With the adoption of the SVD a design team headed by Victor Sabelnikov was tasked with designing a new 7.62x54R load. This was to decrease the dispersion of the new rifle while at the same time increasing its lethality. The result of their work was the 7.62x54R 7N1 Sniper load. Externally the 7N1 looks identical to standard steel cased LPS ball ammunition. There is no color coding on the bullet tip or primer annulus, and no specialized head stamp to differentiate it. The headstamp simply consists of “188” (Novosibirsk Low Voltage Equipment Plant) and year of manufacture. For all intents and purposes it appears to be regular ball ammunition. Pulling a projectile one notes that the 7N1 is topped with a 152-grain FMJBT projectile. This is loaded on top of a charge of extruded powder in a Berdan-primed steel case. In standard Russian practice the primer is corrosive.
Externally comparing a 7N1 projectile to a standard ball projectile one finds both projectiles feature a copper washed steel jacket, but there the similarities end. The 7N1 projectile is slightly longer and features a more pronounced boattail with a noticeable hollow base. Cutting the projectile in half quickly reveals the 7N1 to be a well thought out sniper load. Sectioning it reveals an air pocket in the nose (similar to Sabelnikov’s later 5.45x39mm 7N6). Below the air pocket is a 37.5-grain mild steel cone-shaped core of 0.269-inch in diameter and 0.520-inch in length. This sits on top of a 72.6-grain lead “knocker.” These are pressed into the jacket leaving a hollow base with a depth of 0.100-inch. Overall projectile length is 1.275-inch and diameter is 0.311-inch. During flight, due to the air space in the nose, the projectile’s center of gravity is toward its rear. However, upon impact the lead knocker pushes the steel core forward into the air pocket and changes the weight distribution of the projectile. Thus destabilized, the projectile will yaw instead of simply punching a .30 caliber hole in someone. While not new, the British did something similar with their .303 British MK VII ball load prior to the First World War, this design is effective. This is an obvious attempt to increase the wounding potential of this FMJ projectile.
To increase accuracy this load was manufactured to much tighter tolerances than standard ball ammunition. The Russians claimed an increase in accuracy of 2.5 times over standard ball ammunition when fired from an SVD Dragunov. My own testing has shown that to be a reasonable claim. Muzzle velocity from the SVD is 2,723 fps, with the trajectory closely matching that of standard LPS ball. To identify this load it must be in its original packaging as Factory 188 also produces ball ammunition. It comes packed 20 rounds to a paper packet, 22 packets to a metal tin, and two tins per wooden case for a total of 880 rounds. The wooden shipping crates, hermetically sealed metal “Spam” cans, and individual paper packets are all distinctly marked “SNIPER” in Cyrillic. This is the load that was used throughout the war in Afghanistan and in Chechnya.
In the 1990’s the Russians launched a Program for the Modernization of 7.62mm cartridges. One of their goals was to improve the penetration of the various 7.62x54R loads. At this time the 7BT-1 Armor Piercing Tracer was developed and placed into production in 1998 replacing the 7T2M Tracer load. At the same time the standard 7N13 7.62x54R ball cartridge was given enhanced penetration via a pointed hardened steel core. This was adopted in 1999 as 7N26 and is now the general issue 7.62x54R load. At this same time, 1999, a new FMJBT load for the SVD, designated 7N14, was placed into production. It was developed from combat experience gained with the 7N1 and has replaced the earlier load in Russian service.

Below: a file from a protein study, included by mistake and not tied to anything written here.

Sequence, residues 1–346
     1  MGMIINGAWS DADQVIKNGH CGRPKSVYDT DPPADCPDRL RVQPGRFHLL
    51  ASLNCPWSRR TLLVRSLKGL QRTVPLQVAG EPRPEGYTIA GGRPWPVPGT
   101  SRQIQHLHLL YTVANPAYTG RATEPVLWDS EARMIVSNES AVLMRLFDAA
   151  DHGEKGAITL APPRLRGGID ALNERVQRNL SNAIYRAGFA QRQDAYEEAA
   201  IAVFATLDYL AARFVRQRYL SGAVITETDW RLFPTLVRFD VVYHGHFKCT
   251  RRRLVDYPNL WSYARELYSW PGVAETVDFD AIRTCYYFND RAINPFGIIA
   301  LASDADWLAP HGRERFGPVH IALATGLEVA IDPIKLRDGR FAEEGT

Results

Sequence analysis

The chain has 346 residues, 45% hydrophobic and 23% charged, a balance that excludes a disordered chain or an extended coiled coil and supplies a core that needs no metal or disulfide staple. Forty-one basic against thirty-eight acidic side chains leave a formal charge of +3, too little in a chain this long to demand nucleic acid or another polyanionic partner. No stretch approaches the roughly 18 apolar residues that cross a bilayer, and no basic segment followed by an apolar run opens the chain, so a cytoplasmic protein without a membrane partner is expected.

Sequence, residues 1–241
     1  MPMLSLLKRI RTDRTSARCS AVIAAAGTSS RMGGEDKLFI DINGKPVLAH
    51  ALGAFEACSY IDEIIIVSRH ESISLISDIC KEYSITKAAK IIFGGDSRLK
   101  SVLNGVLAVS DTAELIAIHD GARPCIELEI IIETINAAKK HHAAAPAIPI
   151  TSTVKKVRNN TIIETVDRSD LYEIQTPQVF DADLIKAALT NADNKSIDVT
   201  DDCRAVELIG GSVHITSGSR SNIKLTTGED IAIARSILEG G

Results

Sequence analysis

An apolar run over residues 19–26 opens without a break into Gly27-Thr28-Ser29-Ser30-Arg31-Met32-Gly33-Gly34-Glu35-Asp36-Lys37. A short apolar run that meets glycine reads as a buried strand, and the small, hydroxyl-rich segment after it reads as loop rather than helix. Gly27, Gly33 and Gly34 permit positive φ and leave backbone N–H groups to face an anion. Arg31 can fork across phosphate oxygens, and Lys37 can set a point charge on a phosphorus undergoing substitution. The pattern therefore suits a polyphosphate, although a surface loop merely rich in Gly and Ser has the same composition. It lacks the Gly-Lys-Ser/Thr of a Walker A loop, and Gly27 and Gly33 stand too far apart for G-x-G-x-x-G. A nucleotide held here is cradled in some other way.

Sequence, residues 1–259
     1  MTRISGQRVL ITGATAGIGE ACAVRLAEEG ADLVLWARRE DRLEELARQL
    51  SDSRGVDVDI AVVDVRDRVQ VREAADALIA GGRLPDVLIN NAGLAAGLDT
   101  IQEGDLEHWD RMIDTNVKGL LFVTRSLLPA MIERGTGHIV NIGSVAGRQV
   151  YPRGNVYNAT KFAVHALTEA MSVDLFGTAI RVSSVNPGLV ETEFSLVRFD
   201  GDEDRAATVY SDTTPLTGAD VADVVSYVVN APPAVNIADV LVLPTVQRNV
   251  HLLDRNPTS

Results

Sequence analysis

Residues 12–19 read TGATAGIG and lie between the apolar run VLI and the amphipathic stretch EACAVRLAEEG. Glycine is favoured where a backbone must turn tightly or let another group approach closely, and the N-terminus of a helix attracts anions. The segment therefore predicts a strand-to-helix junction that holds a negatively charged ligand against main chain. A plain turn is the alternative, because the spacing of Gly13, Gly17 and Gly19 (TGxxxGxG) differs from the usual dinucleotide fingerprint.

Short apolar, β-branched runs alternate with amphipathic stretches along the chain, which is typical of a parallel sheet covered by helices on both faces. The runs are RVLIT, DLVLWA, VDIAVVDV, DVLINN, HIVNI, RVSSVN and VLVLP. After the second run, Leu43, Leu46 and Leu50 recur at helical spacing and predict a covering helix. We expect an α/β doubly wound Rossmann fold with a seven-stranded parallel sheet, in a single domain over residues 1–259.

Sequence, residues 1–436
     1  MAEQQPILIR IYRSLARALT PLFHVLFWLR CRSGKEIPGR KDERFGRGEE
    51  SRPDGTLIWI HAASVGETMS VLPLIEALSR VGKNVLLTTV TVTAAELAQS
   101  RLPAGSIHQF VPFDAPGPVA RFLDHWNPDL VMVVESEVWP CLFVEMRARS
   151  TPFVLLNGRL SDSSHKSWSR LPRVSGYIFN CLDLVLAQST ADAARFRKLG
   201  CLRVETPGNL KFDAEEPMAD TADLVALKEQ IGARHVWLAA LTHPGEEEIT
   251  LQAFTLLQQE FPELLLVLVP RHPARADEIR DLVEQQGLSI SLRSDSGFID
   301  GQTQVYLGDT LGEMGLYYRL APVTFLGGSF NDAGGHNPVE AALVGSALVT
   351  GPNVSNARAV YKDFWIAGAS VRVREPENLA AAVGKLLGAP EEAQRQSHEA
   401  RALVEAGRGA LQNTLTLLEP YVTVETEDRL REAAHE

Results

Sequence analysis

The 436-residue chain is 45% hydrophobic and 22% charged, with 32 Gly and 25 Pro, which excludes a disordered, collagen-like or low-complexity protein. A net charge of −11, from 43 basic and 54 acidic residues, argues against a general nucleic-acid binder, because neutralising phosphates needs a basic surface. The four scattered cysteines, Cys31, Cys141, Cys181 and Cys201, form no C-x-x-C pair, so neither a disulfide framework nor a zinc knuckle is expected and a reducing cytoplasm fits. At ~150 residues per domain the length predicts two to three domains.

Like all Russian 7.62x54R Sniper and Match ammunition it’s produced by Factory 188, also known as Novosibirsk Low Voltage Equipment Plant (30A Stantsionnaya St., Novosibirsk 630108, Russia. Phone: (3832) 41-9367, 41-3555). The 7N14 was developed to provide the Russian sniper an armor-piercing bullet with the accuracy of a Match cartridge. This is to overcome the proliferation of modern body armor. The new load features a steel jacketed 0.311-inch diameter 152-grain FMJBT projectile with an AP core. Cases are copper-washed steel with corrosive Berdan priming. Muzzle velocity, at 2,723 fps, and trajectory coincides with the older 7N1. Penetration though is substantially improved over the older load. As an example, firing at a 10mm-thick grade 3 steel plate placed at 250 meters, the 7N14 achieved 100% penetrations while the 7N1 was defeated.
My introduction to this new load came on a small shooting range in Izhevsk, Russia. I was testing IZHMASH’s new SV-98 sniper rifle, and the test ammunition provided was 7N14. As I examined it, Vladimir Stronskiy gave me an inside look at this new load. Mr. Stronskiy is an engineer at Izhmash and known for creating superbly accurate target rifles. One of his designs being the Record-1, which is well respected in Europe. This rifle, in the form of the 7.62x54R Record CISM, teamed with 200-grain EXTRA Match ammunition (produced by Novosirbirsk) was used by the national select of the Armed Forces of Russia to win the International Military Games in 1995 and the World Championship in 1996. Stronskiy also based his SV-98 sniper rifle on his Record-1’s action. Very friendly and good-natured, Mr. Stronskiy is the type of man any serious rifleman would love to talk to. Although I had to speak to him through an interpreter, it was abundantly evident that this was a man who had spent his life crafting wood and steel into fantastically accurate rifles. Snuffing out a non-filtered cigarette, he proceeded to show me his rifle.